Today is my step-daughter’s 10th birthday. Not that it’s relevant to anyone reading this post. But it’s relevant to us, despite the fact that we have not seen her over a year. Her mother is a parental alienator, and no amount of legal assistance or court intervention has been successful in changing that. But that’s not what this post is about either. It’s about relevance.
I spent most of my life not believing I was relevant. No need to delve into the historical or psychological reasons for that. I simply didn’t think that I mattered – in the classroom, in the house, in piano lessons, really anywhere. I know now that isn’t true. But it carried to my adult life in spite of my intellect telling me I indeed matter, and those in my life not having a clue that this is how I felt.
Back-of-the-room wallflower in most group situations, an introvert and a listener, or perhaps a mind-wanderer wondering if I fit in with the others in the room, I got brave one day, in my 40s no less, and put my yoga mat in the front of the room at a yoga conference. I wanted to be near the teacher, he was one of my favorite gurus, who I felt at the time was God-like. Of course he wasn’t, but he was relevant to me.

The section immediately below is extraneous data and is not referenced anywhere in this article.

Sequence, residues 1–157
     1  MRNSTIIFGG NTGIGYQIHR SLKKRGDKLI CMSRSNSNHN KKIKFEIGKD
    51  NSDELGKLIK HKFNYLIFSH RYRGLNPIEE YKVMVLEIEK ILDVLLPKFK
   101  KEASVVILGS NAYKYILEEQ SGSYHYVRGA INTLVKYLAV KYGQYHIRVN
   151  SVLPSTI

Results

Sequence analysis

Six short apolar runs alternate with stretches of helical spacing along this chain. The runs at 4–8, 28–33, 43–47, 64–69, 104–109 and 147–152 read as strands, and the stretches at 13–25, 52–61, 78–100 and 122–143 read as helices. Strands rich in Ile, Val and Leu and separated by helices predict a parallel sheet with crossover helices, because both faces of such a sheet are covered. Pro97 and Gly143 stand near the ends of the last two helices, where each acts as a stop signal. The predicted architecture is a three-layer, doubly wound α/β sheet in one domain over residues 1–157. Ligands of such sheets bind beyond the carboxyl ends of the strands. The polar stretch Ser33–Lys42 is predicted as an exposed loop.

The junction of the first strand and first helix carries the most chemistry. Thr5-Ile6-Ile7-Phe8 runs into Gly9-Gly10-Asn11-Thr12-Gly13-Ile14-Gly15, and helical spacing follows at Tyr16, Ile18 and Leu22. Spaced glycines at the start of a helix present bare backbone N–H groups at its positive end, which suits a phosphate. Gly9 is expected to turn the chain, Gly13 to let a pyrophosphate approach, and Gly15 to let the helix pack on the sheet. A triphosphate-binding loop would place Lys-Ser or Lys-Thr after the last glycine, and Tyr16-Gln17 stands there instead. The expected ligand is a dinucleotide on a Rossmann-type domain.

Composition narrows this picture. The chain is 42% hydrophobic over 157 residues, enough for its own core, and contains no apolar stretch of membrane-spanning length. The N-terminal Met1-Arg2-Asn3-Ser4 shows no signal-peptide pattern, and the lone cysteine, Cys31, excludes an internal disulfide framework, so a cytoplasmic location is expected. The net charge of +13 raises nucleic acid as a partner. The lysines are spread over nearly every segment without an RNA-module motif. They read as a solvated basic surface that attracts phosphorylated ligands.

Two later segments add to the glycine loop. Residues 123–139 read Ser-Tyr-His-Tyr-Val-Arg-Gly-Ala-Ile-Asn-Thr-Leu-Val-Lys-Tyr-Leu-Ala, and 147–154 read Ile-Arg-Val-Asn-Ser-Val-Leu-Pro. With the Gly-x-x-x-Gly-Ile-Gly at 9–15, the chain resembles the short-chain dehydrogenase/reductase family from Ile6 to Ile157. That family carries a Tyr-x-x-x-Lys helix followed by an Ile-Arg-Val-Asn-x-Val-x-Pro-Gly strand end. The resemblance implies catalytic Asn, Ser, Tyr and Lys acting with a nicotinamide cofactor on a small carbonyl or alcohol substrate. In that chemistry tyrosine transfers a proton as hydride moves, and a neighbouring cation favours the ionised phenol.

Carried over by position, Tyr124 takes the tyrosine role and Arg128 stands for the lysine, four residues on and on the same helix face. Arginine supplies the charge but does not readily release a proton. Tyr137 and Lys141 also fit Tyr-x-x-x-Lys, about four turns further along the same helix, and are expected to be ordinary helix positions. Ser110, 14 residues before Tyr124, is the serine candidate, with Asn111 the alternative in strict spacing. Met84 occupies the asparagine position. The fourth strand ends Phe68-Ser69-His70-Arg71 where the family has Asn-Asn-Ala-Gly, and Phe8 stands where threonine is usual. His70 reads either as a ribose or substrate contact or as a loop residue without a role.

During one of the question-answer periods in the all-day session I actually raised my hand and asked a question. I don’t even remember what it was, but the act itself for me was huge. He chatted with me directly in a room of a hundred people, even said that I offered great insight. Other people approached me afterward and thanked me. I was relevant.
We all have aspects of ourselves that rule our psyches, even if we don’t show it to the world. I am married to an amazing man who in spite of his successes in life, feels quite the same about his own relevance. No matter what we do – or don’t do – when we are participating in daily life, we are relevant. But how do we learn to believe it?
Of course, like with all emotional evolvement, it’s an inside job. But feeling valued, needed, accepted, loved, worthy, even accomplished from our external world is significant for humans. And when we don’t have it, or worse, when our relevance is removed from those who matter in our lives, it’s hard.
As much as I believe that my step-daughter’s isolation from her father and step-family is due to her mother’s emotional incapacities, I don’t believe that her mother is irrelevant in her life and should be removed from it, the way she has removed us. I don’t believe that anyone is irrelevant in the world.
Happy Birthday sweet girl. You matter. And so do we.